Tuesday, February 23, 2016

Memories and Flashbacks

Some of us struggle more with memories of the past than others do. They come back as quick spurts of something in the past and they're gone. Or they torment us, often for days.

During those in-an-instant experiences, we relive our molestation. Despite their brevity, often they’re so intense it feels as if the abuse is happen­ing a second time. "I felt like my priest was molesting me again," one man said. "It was horrible."

Who wants to re-experience such terrible moments? It's natural to want to deny them or medicate ourselves so that we don’t hurt again.

But what if we valued flashbacks? What if re-experiencing is a required step toward wholeness? What if they’re signals for us to pay attention because they aid us in our healing?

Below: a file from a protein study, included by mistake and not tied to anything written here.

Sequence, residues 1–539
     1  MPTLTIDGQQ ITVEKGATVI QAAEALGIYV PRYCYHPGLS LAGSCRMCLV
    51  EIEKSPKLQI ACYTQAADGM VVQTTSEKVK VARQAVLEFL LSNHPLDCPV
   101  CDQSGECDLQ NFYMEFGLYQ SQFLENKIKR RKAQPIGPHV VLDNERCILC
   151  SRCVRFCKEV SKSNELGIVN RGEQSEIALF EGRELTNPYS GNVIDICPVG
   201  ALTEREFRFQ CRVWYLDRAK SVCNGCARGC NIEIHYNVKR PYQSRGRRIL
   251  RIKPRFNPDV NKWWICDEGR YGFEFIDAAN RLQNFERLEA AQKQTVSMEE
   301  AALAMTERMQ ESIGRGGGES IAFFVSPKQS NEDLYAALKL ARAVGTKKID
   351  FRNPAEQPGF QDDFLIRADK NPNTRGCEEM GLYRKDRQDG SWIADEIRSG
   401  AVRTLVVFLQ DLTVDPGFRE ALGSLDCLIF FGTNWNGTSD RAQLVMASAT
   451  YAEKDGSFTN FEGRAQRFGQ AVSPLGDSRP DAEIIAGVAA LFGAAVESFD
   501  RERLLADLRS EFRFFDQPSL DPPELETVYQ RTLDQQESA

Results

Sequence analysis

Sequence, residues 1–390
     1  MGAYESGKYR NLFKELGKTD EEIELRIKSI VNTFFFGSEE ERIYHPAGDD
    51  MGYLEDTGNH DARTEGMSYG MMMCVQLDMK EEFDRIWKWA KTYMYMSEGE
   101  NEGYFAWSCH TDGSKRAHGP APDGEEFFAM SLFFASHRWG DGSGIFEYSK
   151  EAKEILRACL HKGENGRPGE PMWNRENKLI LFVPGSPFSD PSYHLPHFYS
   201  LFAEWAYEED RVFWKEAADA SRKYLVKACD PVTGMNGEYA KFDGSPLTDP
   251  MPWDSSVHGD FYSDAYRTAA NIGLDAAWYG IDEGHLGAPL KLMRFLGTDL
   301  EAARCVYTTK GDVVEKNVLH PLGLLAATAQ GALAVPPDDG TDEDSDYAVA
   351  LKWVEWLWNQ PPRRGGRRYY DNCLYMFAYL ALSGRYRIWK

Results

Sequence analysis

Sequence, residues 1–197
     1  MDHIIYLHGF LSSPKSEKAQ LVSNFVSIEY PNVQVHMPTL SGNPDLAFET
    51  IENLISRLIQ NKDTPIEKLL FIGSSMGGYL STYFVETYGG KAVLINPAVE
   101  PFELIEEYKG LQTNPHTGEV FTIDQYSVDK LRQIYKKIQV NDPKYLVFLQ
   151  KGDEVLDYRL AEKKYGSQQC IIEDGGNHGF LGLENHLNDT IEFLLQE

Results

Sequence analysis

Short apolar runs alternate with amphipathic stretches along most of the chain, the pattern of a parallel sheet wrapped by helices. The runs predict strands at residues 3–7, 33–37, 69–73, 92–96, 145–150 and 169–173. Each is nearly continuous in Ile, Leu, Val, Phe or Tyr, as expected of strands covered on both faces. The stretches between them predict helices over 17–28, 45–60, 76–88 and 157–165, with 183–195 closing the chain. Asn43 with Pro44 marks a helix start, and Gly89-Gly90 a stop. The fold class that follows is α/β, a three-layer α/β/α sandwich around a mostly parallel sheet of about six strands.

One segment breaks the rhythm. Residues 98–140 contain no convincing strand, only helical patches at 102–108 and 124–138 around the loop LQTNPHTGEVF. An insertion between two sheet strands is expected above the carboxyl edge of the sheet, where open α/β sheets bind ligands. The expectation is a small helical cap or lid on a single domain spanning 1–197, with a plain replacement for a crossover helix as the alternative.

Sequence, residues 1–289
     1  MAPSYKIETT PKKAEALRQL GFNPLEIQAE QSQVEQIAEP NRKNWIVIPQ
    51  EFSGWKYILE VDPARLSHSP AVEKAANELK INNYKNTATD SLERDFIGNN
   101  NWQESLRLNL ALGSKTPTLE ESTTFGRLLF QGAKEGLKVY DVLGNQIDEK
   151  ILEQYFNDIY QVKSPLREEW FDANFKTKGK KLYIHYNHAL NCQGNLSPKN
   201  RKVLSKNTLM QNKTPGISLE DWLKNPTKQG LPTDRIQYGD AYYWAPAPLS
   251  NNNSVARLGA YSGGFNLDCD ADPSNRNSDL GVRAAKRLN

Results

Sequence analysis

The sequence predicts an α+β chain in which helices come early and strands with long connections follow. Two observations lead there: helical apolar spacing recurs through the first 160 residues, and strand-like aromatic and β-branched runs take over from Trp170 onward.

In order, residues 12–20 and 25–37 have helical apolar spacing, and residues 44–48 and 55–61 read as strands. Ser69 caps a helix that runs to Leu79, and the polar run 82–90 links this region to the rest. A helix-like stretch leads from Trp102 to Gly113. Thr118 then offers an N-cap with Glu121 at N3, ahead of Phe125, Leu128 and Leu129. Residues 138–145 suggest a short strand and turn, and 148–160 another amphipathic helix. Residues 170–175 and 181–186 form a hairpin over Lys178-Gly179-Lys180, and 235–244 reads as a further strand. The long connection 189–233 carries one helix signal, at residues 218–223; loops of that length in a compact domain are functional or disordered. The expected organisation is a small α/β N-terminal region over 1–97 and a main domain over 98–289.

I hated it when memories haunted me—until I figured out something. I need them. Only by bringing them to the surface once again can I free myself from them.

At least four years have passed since I've had any in-a-flash memories of my childhood abuse. Their absence says enough healing has taken place that I no longer need them.

I need to face the past
to heal the pain of the present.

(This post was adapted from Not Quite Healed, written by Cecil Murphey and Gary Roe.)

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Are there questions or specific topics you'd like Cec to address in upcoming blog entries? If so, please send an email to his assistant at the following address: cecilmurphey(at)mchsi(dot)com.

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